@okikio/animate is heavily inspired by animejs and animateplus, as such it uses a very similar format.

@okikio/animate creates animations by creating new instances of Animate (a class that acts as a wrapper around the Web Animation API), 


import { Animate } from "@okikio/animate"; new Animate({ target: [/* ... */], duration: 2000, // ... 
});

The Animate class receives a set of targets to animate, it then creates a list of WAAPI Animation instances, alongside a main animation (the main animation is a small Animation instance that is set to animate the opacity of a non-visible element, it exists as a way of tracking the progress of the animations of the various target elements), the Animate class then plays each target elements Animation instance, including the main animation, to create butter-smooth animations.

The main animation is there to ensure accuracy in different browser vendor implementations of WAAPI. The main animation is stored in Animate.prototype.mainAnimation, the target elements Animation instances are stored in a WeakMap, with the key being its KeyframeEffect, you can access the animation for a specific target using the Animate.prototype.getAnimation(el).

You don’t need to fully understand the prior sentences, but they will aid your understanding of what @okikio/animate does. If you want to learn more about how WAAPI works check out MDN, or if you would like to learn more about the @okikio/animate library I’d suggest checking out the Github project, okikio/native.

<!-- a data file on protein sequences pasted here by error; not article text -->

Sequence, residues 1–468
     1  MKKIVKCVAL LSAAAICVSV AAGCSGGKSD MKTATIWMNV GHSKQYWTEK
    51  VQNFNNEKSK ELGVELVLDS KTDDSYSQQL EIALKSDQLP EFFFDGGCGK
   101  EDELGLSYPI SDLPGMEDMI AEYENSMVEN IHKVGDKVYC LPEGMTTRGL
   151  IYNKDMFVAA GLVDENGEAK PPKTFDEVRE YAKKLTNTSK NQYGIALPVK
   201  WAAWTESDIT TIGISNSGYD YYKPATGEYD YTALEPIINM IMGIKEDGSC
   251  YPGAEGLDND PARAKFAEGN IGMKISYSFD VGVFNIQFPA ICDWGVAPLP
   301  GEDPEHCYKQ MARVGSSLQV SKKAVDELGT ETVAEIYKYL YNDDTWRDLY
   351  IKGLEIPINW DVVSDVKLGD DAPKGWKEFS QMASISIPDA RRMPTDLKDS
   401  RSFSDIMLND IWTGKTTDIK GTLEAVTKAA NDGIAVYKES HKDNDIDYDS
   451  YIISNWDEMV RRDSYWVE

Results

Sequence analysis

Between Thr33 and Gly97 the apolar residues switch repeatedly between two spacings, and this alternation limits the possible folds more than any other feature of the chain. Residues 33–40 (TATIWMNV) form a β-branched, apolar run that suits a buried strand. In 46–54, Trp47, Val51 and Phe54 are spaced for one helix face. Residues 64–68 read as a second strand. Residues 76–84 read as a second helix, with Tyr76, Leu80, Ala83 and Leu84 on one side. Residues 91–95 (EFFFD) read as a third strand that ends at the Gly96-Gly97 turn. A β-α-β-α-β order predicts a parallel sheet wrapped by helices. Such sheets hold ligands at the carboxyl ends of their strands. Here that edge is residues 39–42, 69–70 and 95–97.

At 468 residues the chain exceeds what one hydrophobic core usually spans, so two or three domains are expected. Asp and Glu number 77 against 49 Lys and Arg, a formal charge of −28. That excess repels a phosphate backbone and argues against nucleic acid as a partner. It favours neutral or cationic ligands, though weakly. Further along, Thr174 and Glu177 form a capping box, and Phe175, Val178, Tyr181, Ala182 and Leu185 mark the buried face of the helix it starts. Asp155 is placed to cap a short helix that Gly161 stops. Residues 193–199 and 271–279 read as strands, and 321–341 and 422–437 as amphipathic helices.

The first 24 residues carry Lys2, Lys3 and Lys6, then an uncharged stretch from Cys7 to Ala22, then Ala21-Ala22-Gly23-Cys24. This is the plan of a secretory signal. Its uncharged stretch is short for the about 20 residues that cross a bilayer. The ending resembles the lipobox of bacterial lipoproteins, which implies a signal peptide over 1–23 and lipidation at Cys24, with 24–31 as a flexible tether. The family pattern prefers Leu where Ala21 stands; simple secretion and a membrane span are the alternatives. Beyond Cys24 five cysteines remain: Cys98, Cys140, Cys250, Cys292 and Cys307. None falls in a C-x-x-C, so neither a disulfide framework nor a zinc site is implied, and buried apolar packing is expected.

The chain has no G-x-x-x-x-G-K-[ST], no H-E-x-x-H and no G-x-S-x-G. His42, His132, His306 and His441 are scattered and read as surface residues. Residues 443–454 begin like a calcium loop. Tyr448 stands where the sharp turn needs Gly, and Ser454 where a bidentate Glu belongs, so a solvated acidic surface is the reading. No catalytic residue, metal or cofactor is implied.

Usage, Examples & Demos

By default, needing to create a new instance of Animate is very annoying, so, I created the animate function, which creates new Animate instances every time it’s called.


import animate from "@okikio/animate";
// or
import { animate } from "@okikio/animate"; animate({ target: [/* ... */], duration: 2000, // ... 
});

When using the @okikio/animate library to create animations you can do this:

import animate from "@okikio/animate"; // Do note, on the web you need to do this, if you installed it via the script tag:
// const { animate } = window.animate; (async () => { let [options] = await animate({ target: ".div", // Units are added automatically for transform CSS Properties translateX: [0, 300], duration: 2000, // In miliseconds speed: 2, }); console.log("The Animation is done...");
})();

Check out the embedded CodeSandbox demo:

You can also play with a demo with playback controls:

Try out Motion Path:

Try different types of Motion by changing the Animation Options:

I also created a complex demo page–with polyfills: https://okikio.github.io/native/demo/animate.html

You can find the source code for this demo on Github at: https://github.com/okikio/native/blob/master/build/ts/modules/animate.ts and https://github.com/okikio/native/blob/master/build/pug/animate.pug

The demo uses pug, and is a fairly complex setup, so, I highly suggest reading (https://github.com/okikio/native/tree/master/packages/animate#demo)

The native initiative uses Gitpod, so, if you want to play with the demo, I recommend clicking the Open in Gitpod link, since the entire environment is already setup for you, you don’t need to do any configuring. 

You can also check out some more complex examples at: https://codepen.io/collection/rxOEBO

For the most part, you can port your code from animejs to @okikio/animate with little to no issues.

But I should probably mention that @okikio/animate supports both the target and targets keywords for settings targets, @okikio/animate will merge both list of targets into one list and use Set’s to remove any repeated targets. @okikio/animate supports functions as animation options, so you can use staggering similar to animejs (Note: the order of arguments are different, read more in the Animation Options & CSS Properties as Methods section of the @okikio/animate readme).